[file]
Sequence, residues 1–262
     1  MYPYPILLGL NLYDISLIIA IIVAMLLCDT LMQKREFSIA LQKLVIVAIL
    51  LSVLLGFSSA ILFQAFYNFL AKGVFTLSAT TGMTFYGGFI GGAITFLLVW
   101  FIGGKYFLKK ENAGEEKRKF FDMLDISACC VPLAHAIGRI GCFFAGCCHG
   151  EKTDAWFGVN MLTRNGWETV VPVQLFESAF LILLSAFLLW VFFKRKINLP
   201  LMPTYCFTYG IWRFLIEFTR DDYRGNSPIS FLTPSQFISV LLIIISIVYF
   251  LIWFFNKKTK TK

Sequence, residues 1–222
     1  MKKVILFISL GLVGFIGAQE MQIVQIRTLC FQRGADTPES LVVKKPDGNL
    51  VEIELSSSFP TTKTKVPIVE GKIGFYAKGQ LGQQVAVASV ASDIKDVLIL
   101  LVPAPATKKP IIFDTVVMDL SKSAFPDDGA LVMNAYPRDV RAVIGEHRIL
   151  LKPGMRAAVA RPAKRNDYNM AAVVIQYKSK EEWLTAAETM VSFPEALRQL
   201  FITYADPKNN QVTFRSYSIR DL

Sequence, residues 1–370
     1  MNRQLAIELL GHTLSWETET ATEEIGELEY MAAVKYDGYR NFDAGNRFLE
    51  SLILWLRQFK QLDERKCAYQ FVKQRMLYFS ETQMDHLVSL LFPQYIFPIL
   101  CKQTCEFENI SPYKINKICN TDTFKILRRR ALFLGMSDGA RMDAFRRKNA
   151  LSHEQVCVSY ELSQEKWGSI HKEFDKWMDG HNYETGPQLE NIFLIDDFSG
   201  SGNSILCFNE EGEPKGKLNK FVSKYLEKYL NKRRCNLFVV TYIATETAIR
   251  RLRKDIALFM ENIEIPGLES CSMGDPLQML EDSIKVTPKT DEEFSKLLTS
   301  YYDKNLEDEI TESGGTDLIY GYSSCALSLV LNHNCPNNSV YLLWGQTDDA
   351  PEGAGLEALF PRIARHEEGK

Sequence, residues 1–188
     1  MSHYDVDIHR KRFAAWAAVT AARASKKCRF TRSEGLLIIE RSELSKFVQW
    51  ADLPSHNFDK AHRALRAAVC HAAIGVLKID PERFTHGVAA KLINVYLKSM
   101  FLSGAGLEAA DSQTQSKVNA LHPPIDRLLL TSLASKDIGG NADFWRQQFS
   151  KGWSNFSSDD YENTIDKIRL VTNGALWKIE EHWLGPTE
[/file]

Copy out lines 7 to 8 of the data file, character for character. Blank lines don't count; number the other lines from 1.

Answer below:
   251  LIWFFNKKTK TK

Sequence, residues 1–222